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Silver Screen Slayer marvelous fun

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Silver Screen Slayer

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Silver Screen Slayer, a spoof and homage to the Film Noir Genre of detective mysteries, is set in the Hollywood of 1939, where private sleuth Johnny Tewtones is interviewing a blonde, voluptuous client, Vivian Troubble.Vivian is only the latest in a line of starlets who have been subsequently murdered after being cast in the title role of Mata Har's Revenge. She's reasonably concerned about her own demise, so our hero is only too glad to take on this perilous case. He heads out for the movie set where he encounters a posse of five directors, another dazzling actress named Jessica Danger, her sinister co-star Rhett Herring, and a deliciously harried Film Director. Assisted by police detective O'Hara and secretary Kitty Kissinger, he will track down the killer, while grappling with spies, tumultuous romance, and the challenges of cross-dressing.

If we count films (Murder By Death, Dead Men Don't Wear Plaid, Clue) television comedy sketches and full blown productions such as the Black and White Shows staged at The Pegasus, Noir satire could almost be a genre unto itself. Making it happen successfully, though, can be challenging, because the tone and style of the actual classics like : Detour, Sorry, Wrong Number, The Maltese Falcon seem so campy and overblown by today's standards, that they almost mock themselves. The best humor (as we've all heard before) may look easy, but it's delicate as a chemical reaction. Even when the dialogue seems preposterous and the gags inane, there's a fluid quality to the sharpest comedy that makes it feel inevitable and intuitive.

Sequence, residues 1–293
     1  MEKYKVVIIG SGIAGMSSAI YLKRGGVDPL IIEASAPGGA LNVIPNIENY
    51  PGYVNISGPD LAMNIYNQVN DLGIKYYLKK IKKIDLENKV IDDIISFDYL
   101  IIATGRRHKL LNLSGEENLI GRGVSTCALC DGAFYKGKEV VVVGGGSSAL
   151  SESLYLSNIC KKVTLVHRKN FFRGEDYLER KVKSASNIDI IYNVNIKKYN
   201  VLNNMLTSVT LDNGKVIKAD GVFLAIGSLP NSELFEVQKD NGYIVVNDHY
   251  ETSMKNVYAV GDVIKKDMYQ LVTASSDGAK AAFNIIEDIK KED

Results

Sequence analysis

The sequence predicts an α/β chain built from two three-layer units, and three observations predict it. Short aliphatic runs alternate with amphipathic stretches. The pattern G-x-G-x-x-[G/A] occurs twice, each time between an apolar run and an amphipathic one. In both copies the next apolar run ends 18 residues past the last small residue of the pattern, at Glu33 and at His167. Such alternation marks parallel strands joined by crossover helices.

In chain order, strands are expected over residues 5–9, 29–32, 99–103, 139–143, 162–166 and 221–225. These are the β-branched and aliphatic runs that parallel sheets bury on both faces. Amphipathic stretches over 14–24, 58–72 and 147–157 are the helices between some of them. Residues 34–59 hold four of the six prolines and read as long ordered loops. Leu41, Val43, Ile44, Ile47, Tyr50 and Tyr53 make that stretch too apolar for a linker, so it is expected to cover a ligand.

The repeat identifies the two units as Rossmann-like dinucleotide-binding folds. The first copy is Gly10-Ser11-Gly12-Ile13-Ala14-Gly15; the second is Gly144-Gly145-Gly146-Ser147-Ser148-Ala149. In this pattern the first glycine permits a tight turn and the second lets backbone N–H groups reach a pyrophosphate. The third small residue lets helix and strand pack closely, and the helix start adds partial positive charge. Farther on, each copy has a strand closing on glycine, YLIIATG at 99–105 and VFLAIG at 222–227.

Local playwright Matthew Edwards (author of the impressive Written in Time) has some splendid, original ideas: a detective so submerged in gumshoe solioquy he fails to notice another murder (or that the others characters can hear him) five producers that create spontaneous vaudeville, drag so bad it wouldn't fool Mr. Magoo. Edwards dabbles in some risque' quips : the Jewish hierachy of the Hollywood Studio System, the supposedly gay covert behavior of one producer in particular, indulging in the dodgy zeitgeist of the 30's. There's a lovely, relaxed, playful quality to Silver Screen Slayer that gives the players lots of room to emote and inject that loopy element of absurdity that stage comedy thrives on. It's grandly entertaining, and if there are a few times when it doesn't quite pop, or feels as if Edwards is only dipping his toe in the pool, no doubt these trivial concerns will work themselves out in the long run. Silver Screen Slayer is marvelous fun.

Camp Death Productions presents Silver Screen Slayer playing through June 22nd, 2014. The Margo Jones Theatre, Fair Park, 1121 First Avenue, Dallas, Texas 75201. 214-646-3114. www.brownpapertickets.com

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